Author: Carrie Casey
A colleague asked me ,”Why should someone wanting to be a childcare Director in Texas choose Texas Director to help them?” It is a good question. One I had 20 or so answers to, but it all comes down to one thing: We will be there for you.
Kate and I started providing training and other services to Directors and teachers in 1998. That means it is possible that one of our new directors was enrolled at a center that we helped that first year. It blows my mind. We listened to our peers and found ways to help them get the information and services they needed. We created trainings based on what other Directors said they needed.
One thing centers needed was a way to get new Directors qualified to lead a program. There were a couple of training groups that offered classes for new Directors over the course of a week, in a hotel in one of the 5 large cities in Texas, once or twice a year. So if you lived in Lubbock, you had to take a week off from your center, drive to Dallas and stay in a hotel for that week. That was not what we wanted as Directors, so we created a 2 weekend class, which worked better for the folks we talked to.
After doing those for a few years, Kate started exploring online learning and took Texas Director to the internet. We were the first ones to offer online Director Credentialing. We have 100% online classes, and in person classes. Directors told us they needed different options, so we provided them.
Folks are telling us they need their new Directors to be qualified within the month. With our online and personalized courses, we have that handled. They are designed to be able to be completed within a week if you push hard or a month at a steady pace. Our Weekender course which combines online videos and in-person classwork is also designed to be finished in a month, but is only offered 6 times a year, currently.
Over the years other credentialing courses have come and gone. What do you do when the company who gave you your certificate goes out of business? For many folks, the answer has been to transfer your credential to Texas Director. We allow folks to test in and join our membership if their company disappeared or they aren’t happy with the service and training they received elsewhere. We will be here for you.
Some folks prefer the college route. Texas Department of Family and Protective Services (DFPS) issues Directors licenses to those who have related college experience or degrees. Is this the best option for you? Do you want material specific to running a child care center? There are not many college courses in that vein. You can find 20 classes that will help you run a classroom, which are great if you don’t have those skills but not many on center wide operations. If you come from the classroom, you will want information about marketing, staffing, communication, financial management, and business law.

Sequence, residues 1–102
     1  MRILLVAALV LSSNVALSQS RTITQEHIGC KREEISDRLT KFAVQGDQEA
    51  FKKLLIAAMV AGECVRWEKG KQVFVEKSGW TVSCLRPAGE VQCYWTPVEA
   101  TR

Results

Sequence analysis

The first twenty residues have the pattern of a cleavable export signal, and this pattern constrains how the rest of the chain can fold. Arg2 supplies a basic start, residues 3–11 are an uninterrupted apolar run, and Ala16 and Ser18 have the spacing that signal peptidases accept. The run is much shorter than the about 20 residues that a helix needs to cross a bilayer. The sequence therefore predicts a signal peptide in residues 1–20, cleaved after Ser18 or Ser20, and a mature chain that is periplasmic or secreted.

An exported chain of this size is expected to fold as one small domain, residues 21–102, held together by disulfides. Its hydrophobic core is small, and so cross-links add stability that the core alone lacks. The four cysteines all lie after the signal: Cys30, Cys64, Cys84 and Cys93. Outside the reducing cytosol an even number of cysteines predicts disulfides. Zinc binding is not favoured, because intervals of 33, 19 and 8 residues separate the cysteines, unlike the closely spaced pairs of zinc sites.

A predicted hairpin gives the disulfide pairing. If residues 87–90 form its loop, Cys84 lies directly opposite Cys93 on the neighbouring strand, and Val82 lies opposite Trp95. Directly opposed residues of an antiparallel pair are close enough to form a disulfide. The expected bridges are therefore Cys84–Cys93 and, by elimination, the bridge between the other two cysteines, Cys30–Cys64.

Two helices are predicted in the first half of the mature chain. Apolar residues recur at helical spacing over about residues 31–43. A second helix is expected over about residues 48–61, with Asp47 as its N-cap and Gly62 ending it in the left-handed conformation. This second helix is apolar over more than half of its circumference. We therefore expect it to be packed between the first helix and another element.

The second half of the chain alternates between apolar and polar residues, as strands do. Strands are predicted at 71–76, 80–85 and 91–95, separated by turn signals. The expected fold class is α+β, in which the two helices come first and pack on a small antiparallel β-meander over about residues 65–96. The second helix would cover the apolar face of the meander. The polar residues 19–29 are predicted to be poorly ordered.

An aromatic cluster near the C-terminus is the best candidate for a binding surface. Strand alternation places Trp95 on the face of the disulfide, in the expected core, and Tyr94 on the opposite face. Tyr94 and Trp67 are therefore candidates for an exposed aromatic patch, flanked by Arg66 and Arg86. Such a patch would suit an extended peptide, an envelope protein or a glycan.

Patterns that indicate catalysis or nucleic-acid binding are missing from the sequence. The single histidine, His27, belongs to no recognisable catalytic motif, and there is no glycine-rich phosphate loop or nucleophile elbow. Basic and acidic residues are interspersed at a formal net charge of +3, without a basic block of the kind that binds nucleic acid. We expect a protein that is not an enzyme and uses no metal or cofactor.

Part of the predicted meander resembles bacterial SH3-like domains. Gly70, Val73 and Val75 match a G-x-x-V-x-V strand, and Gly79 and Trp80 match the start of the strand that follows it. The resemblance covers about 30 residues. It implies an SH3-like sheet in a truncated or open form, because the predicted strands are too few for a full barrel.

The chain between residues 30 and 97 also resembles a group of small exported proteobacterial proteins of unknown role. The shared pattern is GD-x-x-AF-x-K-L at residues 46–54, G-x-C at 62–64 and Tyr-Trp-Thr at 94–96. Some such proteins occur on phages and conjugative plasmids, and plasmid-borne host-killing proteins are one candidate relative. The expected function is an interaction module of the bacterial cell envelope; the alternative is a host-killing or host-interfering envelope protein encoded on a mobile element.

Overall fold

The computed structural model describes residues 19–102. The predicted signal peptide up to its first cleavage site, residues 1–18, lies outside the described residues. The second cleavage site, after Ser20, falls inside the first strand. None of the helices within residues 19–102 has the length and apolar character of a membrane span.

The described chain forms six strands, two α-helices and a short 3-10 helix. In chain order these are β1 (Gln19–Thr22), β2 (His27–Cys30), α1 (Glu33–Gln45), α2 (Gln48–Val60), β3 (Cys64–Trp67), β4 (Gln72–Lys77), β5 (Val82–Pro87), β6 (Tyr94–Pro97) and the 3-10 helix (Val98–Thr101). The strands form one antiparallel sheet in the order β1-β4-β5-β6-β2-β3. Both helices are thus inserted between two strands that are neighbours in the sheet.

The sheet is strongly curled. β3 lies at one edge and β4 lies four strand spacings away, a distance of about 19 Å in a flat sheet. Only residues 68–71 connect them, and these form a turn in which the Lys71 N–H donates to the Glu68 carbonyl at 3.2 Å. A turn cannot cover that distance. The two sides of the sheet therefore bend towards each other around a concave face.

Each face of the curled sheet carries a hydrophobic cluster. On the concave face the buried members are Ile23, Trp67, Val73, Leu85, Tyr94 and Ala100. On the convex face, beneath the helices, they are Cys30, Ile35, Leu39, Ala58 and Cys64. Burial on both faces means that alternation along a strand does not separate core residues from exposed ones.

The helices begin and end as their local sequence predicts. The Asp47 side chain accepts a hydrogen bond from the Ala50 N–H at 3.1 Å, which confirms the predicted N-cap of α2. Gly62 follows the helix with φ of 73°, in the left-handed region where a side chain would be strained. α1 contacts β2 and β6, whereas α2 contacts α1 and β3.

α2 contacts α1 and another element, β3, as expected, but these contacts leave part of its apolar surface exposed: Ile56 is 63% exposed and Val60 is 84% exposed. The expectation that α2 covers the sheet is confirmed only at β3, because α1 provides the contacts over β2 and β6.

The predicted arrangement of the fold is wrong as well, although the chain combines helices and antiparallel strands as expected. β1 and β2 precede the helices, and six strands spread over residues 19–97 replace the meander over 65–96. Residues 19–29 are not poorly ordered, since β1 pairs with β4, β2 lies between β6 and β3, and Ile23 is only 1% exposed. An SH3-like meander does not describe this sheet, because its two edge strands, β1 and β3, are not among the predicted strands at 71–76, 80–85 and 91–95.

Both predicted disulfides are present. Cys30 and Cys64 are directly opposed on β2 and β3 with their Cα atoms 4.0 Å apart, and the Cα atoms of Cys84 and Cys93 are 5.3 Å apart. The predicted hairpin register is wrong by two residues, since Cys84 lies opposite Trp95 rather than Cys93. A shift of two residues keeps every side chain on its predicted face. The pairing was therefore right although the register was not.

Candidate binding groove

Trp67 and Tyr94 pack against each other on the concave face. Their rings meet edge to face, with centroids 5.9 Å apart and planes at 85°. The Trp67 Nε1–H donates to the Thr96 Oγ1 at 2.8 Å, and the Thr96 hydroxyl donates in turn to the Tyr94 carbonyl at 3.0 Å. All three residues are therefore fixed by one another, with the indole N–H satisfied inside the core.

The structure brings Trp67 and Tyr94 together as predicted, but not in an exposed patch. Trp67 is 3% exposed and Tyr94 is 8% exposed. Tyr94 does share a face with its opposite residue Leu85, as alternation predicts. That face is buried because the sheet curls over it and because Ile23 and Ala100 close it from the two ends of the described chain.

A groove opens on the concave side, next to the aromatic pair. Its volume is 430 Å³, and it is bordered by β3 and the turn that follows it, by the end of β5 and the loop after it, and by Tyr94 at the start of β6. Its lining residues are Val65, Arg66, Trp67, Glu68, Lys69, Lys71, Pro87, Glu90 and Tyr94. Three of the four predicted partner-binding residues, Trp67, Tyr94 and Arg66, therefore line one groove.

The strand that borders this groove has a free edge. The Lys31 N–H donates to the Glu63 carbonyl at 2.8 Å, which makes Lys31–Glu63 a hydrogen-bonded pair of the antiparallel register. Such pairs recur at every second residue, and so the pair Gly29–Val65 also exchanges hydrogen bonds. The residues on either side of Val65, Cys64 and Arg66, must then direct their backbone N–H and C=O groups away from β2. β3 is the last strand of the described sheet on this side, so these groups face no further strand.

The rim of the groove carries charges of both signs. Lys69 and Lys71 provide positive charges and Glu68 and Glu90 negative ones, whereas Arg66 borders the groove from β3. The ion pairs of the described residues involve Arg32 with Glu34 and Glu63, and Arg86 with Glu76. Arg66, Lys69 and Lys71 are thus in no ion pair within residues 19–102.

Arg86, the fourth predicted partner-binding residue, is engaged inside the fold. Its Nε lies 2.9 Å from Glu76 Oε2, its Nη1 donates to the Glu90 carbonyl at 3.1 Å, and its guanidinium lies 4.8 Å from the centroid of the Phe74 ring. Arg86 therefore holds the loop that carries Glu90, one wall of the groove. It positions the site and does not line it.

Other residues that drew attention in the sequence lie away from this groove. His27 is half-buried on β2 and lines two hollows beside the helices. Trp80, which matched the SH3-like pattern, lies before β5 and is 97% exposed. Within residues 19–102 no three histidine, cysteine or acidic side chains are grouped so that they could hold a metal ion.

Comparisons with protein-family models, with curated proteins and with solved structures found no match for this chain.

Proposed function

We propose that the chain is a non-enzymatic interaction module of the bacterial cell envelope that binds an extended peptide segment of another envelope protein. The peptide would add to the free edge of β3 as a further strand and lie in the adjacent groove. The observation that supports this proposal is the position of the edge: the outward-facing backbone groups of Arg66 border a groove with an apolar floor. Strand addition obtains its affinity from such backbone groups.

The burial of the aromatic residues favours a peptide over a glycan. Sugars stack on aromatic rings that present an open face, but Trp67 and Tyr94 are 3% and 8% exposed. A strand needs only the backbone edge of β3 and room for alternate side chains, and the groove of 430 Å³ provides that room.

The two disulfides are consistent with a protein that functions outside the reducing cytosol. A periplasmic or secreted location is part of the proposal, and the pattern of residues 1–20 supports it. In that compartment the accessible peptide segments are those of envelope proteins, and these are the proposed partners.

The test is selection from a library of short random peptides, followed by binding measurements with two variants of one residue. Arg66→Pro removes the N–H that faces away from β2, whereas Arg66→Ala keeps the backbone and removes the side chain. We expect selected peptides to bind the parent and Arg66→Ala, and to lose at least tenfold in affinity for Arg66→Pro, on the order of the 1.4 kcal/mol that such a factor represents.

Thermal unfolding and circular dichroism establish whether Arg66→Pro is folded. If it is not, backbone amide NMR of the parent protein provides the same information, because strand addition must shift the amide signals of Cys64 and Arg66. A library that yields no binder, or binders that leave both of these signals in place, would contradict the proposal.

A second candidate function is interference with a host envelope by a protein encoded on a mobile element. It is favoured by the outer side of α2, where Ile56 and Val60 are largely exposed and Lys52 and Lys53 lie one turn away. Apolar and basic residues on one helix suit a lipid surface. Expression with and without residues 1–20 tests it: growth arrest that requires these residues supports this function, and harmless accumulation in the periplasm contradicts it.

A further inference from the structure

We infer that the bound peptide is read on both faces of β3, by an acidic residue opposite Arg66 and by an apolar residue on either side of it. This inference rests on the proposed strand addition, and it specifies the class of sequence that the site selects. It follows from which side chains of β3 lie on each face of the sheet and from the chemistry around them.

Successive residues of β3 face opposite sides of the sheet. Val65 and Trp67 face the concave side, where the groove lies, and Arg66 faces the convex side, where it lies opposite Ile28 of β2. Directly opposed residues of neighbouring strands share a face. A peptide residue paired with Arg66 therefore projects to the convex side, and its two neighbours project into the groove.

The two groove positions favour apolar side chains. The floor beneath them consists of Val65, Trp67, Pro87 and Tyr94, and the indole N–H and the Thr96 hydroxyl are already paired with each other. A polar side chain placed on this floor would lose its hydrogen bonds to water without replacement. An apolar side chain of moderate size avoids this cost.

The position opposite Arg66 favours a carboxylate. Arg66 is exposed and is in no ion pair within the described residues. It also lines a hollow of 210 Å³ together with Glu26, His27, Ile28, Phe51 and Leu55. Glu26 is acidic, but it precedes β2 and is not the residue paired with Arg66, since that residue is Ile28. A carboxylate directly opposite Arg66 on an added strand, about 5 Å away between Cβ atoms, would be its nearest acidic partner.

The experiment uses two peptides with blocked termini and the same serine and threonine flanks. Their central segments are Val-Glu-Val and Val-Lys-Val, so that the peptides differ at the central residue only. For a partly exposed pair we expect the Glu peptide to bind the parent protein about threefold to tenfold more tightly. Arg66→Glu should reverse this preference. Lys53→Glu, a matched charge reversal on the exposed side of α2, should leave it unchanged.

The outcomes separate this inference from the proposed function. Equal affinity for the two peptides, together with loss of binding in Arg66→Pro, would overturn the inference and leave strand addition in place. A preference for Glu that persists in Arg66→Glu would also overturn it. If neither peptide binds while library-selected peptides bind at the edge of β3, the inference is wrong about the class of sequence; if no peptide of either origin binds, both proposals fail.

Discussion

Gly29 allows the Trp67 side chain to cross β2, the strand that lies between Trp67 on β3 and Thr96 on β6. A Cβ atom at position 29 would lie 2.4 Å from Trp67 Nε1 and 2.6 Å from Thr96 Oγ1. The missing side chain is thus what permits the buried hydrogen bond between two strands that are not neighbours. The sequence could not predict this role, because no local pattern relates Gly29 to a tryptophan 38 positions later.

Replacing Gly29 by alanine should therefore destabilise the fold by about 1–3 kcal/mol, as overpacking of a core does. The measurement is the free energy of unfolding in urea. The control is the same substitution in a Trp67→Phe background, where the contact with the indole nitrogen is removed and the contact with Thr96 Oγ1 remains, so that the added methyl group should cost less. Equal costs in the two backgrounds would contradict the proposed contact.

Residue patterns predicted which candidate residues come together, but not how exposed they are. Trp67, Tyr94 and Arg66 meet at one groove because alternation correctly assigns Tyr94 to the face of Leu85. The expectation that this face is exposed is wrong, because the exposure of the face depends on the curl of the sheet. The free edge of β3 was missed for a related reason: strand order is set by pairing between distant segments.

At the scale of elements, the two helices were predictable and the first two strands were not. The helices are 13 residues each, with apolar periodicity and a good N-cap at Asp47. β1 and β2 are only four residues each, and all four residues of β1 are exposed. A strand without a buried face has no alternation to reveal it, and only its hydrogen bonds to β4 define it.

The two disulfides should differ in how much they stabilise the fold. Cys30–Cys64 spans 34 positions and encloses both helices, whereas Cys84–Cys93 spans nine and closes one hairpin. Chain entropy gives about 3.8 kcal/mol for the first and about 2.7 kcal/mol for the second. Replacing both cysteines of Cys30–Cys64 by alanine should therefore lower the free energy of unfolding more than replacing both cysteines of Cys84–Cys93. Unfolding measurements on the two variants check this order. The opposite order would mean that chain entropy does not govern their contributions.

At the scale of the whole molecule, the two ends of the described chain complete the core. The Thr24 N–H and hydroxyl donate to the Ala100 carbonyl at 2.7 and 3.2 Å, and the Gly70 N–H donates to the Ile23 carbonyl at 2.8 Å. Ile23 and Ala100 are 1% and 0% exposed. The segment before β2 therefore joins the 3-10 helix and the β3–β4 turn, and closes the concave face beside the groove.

Do you want to be a Director in less than a year? If you need 3 business classes and 3 child development classes, you are probably looking at at least a year of college before you are qualified, presuming you are also continuing to work. I will be 100% honest with you, DFPS often gives waivers for folks using this method to be come licensed, but I have a question for you:
Do you really want to be running a center without knowing the basics of child development, classroom management, being a boss, taxes, legal issues and marketing? Will that set you up for success? Will your professors be available after class for you to problem solve when things go sideways.
I like college. I have been a lot. I take all kinds of classes that looked interesting or could teach me something I needed/wanted to know more about. I have 2 degrees as does Kate. (Hers are more impressive than mine.) We hope you take college classes. I am just not sold on it being the best way to get your Director’s license.
The last way DFPS licenses new Directors is with a Child Development Associate (CDA) and 2 college courses in business management. The CDA is a wonderful, nationally recognized certificate showing proficiency as a classroom teacher. To earn it you must have learned a fair amount either through workshops or college courses. You have to have completed a 360 evaluation of your ongoing performance in the classroom and had an outside evaluator observe you working in your classroom. I’ve always strongly encourage my staff to work towards earning their CDA. If you are wanting to move from the classroom to the Director’s office, this may be a good option for you, but it has one big drawback. You have to renew your CDA periodically, which means you must be working in a classroom. As soon as your CDA lapses you are no longer a licensed Director. Is it in your center’s best interest to have the Director working as a classroom teacher while running the center?
We’ll Be There for You
We love working with and for Directors, both in getting them started and in growing with their business. No matter what happens, we are here to offer you support. We create training materials, handbooks, and customized plans based on what a Director needs.
When hurricanes hit the coast our directors called us and we worked with them to get their centers taken care of. When a center lost its lease unexpectedly we helped them find another location. When a Director was threatened with a law suit, we were there. When a Director wanted to open a second and then a third location we were there to help her. When a center was having unacceptable staff-turnover, we were there. When you need us, we will be there.